My whole life I have been a 'Prairie Girl'.
I was born and raised in the prairies. I am one of those unique individuals who actually knows that bread comes from wheat and appreciates the effort it takes. I have ridden in a combine. I know that a prairie sunset can last forever and ever because the sky is so big. I've been up early enough to see the hint of sunrise in the east and the navy sky in the west. I've been woken up to hear the coyotes howl in the night sky as the Northern Lights dance overhead. I've know what it is to experience winters so cold that your eyes actually freeze closed. I've watched storms roll in from 100 kilometres away and disappear a 100 kilometres in the other direction. I know that early morning in the prairie is one of the most beautiful things in the world. I know how to find beauty passing hundreds of kilometres of canola, barley and wheat from one prairie town to another.
I am such a prairie girl that my old email address is actually prairiegirl. My first production company was Prairiegirlproductions. I am such a prairie girl that I have never considered myself anything but.
I just moved to Toronto with the Engineer. I feel very out of place. My mum thinks it is because I am a westerner and I am just not an East Coast girl (New York was in the States so apparently doesn't count. Even though if I lived there forever I still would never be a true New Yorker).
But am I still a prairie girl?
Truth be told, I never really thought about it. Until . . .
A group of wonderful gal pals and I gathered on a wet Sunday to take a picture. We had just spent a wonderful weekend at Sakinaw Lake Lodge on the Sunshine Coast.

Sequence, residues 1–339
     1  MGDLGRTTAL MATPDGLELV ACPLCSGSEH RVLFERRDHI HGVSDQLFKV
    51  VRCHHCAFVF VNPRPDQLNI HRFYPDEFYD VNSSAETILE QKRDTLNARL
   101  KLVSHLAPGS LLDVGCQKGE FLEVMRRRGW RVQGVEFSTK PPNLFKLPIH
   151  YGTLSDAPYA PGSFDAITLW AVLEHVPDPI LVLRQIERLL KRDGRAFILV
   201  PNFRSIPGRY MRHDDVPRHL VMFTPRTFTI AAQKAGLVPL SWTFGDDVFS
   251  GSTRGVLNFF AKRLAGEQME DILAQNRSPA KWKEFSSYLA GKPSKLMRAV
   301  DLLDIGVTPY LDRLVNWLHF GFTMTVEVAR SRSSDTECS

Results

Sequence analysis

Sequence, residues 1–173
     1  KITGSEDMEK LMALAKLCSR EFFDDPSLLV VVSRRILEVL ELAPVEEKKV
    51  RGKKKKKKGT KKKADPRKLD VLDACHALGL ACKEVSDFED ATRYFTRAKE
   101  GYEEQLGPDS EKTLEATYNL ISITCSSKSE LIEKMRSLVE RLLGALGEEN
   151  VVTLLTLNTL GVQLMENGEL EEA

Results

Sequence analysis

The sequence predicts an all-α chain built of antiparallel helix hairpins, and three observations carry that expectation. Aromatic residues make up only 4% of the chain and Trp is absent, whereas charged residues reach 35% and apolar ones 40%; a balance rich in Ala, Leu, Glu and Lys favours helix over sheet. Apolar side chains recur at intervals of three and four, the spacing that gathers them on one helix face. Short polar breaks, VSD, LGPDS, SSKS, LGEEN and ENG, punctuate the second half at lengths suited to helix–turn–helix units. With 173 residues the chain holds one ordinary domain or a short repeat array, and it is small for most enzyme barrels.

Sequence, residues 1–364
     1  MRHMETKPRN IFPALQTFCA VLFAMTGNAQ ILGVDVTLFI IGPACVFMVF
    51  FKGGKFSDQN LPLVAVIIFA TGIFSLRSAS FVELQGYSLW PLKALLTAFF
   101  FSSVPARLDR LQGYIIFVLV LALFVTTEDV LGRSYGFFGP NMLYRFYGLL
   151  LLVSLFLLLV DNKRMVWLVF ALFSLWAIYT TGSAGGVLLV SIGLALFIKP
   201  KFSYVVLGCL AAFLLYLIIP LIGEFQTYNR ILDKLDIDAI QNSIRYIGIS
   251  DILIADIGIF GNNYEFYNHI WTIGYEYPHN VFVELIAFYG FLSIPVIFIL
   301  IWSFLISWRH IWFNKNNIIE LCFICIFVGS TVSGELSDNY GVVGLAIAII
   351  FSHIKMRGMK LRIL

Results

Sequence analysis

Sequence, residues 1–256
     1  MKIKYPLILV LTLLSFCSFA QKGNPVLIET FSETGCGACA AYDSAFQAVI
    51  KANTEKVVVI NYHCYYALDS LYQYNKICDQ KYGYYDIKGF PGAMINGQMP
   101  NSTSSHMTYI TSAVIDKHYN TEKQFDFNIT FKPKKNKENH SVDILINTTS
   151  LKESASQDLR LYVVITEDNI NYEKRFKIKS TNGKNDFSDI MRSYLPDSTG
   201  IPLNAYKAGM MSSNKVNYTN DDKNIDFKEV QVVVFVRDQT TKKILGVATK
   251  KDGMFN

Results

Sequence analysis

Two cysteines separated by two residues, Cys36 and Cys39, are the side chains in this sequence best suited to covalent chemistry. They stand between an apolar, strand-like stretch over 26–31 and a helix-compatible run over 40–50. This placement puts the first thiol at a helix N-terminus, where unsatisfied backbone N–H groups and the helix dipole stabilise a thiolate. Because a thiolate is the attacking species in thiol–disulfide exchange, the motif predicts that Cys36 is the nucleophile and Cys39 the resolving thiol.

In typical BC form, our departure was marked by low, grey clouds and rain. We all smooshed together, arms around one another, our rain hoods up and our wellies protecting our toes from getting wet. The owner of Sakinaw apologized for making us take a photo in the rain.
My girlfriend quipped, 'That's okay! We're West Coast Girls'.
It was then that I realized: I was less a prairie girl and had slowly become a West Coaster without realizing it.
Obviously I am the sentimental type. I am probably the only person who was affected by this statement. I mean I was dwelling on my departure from BC. On the eve of my move to Toronto, I got to celebrate the West Coast in style.
I have lived in Vancouver for ten years. In that time, I have shed my ability to withstand cold and bitter winters. I don't even know how to drive in the snow anymore. I am now conditioned to drop ANYTHING I am doing and run outside - when the sun is shining. It gets very confusing when I am in places (like Toronto) that always seem to be sunny.
From my bedroom, I see the North Shore mountains that turn that lovely purple hue at sunset. Right now I bet they are starting to get that dusting of snow. It's a three minute walk to sea water. My walks through barley fields have been replaced with dog walks in a rain forest.
My footwear of choice are rainboots. I am comforted by rain and fear snow.
I am a West Coast girl.
In these ten years, I have cultivated some of the most wonderful and strong friendships ever imaginable. Women who love me even when I lament on the ferry heading back to Horseshoe Bay that it is the last 'BC Ferry (aka White Spot) clam chowder I will ever have' (ummm, I will probably be on a ferry in a month). Women who love being cozied up inside with a crackling fire watching the mists roll over the lake (or ocean depending where we are). Women who also love the uniform of lululemon, rubber boots and raincoats. Women who invited me into their lives ten years ago and have helped to transform this prairie gal into a West Coaster.
I mean some of these girls have had to sit in a car with me as we soar over the Coquihalla as I gush "OH MY GOD OH MY GOD! BC is the prettiest place EVER" (seriously, the views really are hard to beat). Maybe a bit of my sentimentality has rubbed off on them :)
Anyways, as I adjust to this new life on the East side of Canada I can't help but reflect on the fact that I am a westerner at heart. There are many reasons to miss BC. It's amazing beauty and freshness, the mountains and ocean, and the fact that Vancouver remains green all year round.
But the biggest reason to miss BC, are my West Coast Girls.